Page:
... perhaps, as the Koch-fueled Republicans suggest, it is time to ransack the unions, especially easy these days since they don't seem capable of convincing a majority of Americans that they serve a significant function. Perhaps it is time to admit what becomes more apparent each election cycle: that the national Democratic Party is forever diminished due to chronic ambivalence between corporate power and progressive promises. Perhaps it was time to just give up.
Or perhaps not. Perhaps we wake up, look to ourselves, and realize it is the same as it ever was. Institutions aren't going to deliver us. In a one party system, all else is resistance. Visibility, creativity, bodies in space, the power of purposeful play, engagement, community… all semaphore for a way to live, cloud-tags for the practice of everyday life. We awaken, not to a wake, but to a wakening. We're still here, and we insist on essential visibility.
My musings on current events, current projects, current anxieties and current delights.
I started this under the Bush regime when any grain of sand thrown into the gears of the over-reaching imperial state seemed worthwhile.
I have worked to elect more and better Democrats -- and to hammer the shit out of them once we get them in office so they do the things their constituents want and need. It's a big job.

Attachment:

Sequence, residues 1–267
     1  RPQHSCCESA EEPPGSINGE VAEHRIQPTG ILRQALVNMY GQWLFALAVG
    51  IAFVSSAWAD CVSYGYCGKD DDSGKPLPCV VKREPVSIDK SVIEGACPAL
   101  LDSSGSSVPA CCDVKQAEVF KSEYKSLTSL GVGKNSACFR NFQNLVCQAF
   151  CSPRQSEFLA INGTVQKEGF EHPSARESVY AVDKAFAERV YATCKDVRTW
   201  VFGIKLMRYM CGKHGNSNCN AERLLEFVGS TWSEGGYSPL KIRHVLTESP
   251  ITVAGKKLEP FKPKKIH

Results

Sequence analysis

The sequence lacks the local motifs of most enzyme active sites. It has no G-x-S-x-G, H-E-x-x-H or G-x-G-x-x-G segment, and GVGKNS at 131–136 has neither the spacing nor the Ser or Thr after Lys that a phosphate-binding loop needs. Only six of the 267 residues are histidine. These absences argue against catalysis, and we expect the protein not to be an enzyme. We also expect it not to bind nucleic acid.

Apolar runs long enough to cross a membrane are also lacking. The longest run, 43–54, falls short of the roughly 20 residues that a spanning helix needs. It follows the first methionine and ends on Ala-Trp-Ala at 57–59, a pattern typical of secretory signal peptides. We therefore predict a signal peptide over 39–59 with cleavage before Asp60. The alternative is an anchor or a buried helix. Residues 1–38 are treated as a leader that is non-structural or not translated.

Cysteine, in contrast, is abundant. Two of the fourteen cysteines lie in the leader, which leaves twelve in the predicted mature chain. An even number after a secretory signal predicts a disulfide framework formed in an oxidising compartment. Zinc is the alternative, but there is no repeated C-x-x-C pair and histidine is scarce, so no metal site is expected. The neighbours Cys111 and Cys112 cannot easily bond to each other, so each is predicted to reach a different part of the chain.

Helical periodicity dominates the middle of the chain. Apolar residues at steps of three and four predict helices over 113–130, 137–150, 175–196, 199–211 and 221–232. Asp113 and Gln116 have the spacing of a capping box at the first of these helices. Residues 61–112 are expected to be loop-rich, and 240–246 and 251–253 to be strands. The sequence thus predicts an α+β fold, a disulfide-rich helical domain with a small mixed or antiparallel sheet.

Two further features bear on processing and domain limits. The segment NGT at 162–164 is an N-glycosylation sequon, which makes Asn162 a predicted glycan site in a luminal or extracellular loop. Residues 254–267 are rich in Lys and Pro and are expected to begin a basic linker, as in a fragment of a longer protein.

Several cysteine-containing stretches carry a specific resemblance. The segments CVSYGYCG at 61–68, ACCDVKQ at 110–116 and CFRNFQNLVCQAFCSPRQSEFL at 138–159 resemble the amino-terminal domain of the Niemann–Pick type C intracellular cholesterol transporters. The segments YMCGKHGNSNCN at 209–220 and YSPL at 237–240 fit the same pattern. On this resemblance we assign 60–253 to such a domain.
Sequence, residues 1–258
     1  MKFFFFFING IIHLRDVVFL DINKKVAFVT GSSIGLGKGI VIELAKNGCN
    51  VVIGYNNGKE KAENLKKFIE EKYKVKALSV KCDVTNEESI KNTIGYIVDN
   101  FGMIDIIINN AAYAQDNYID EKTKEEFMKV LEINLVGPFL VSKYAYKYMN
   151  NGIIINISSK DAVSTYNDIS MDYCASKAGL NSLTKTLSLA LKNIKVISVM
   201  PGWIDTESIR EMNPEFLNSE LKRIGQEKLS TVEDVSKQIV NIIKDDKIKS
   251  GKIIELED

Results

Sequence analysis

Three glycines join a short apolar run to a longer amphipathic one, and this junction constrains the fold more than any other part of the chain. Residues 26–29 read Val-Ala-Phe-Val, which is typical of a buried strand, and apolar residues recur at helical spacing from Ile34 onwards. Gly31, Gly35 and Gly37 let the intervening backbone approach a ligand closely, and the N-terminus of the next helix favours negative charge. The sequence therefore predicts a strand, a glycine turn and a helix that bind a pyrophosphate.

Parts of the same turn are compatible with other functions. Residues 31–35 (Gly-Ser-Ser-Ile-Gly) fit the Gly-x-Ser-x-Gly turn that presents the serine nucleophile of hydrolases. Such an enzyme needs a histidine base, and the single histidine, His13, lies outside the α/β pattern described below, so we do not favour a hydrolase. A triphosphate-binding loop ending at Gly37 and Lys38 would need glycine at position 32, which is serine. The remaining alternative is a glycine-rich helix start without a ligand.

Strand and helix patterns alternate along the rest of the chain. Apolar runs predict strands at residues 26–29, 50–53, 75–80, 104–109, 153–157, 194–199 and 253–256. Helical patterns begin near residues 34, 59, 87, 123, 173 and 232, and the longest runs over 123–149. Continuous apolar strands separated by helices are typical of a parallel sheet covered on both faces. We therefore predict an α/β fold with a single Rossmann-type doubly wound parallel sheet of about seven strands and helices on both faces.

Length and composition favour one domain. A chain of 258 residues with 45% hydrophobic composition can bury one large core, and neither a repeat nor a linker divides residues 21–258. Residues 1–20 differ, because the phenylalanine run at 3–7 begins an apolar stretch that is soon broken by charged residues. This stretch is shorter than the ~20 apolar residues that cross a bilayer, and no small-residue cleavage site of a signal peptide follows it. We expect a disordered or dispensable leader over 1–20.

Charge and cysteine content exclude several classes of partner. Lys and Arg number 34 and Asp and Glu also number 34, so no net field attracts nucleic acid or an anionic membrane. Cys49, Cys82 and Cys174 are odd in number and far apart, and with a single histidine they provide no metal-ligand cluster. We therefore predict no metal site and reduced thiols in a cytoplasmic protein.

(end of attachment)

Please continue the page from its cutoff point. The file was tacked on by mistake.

I have endured the dashed potential for a more transformational regime under Obama. The man has made himself an accomplice in the imperial crimes of his predecessor as well as committing his own. He has also almost certainly been the most progressive president most of us will live to see. I fear we'll look back on his years in office with mild gratitude for a respite from national leadership that was habitually stupid and vicious, as well as wrong.
Visitors here will find a lot of commentary on books I'm reading. I am very intentionally reading intensively offline these days. When it feels hard to find direction, it's time to learn something new.
I'm a progressive political activist who runs trails and climbs mountains whenever any are available. I've had the privilege to work for justice in Central America (Nicaragua and El Salvador), in South Africa, in the fields of California with the United Farmworkers Union, and in the cities and schools of my own country. I'm a Christian of the Episcopalian flavor; we think and argue a lot. For work, I've done a bit of it all: run an old fashioned switch-board; remodeled buildings and poured concrete; edited and published periodicals, reports and books; and organized for electoral campaigns. I am currently an independent consultant to organizations seeking "help when you have to make a fight."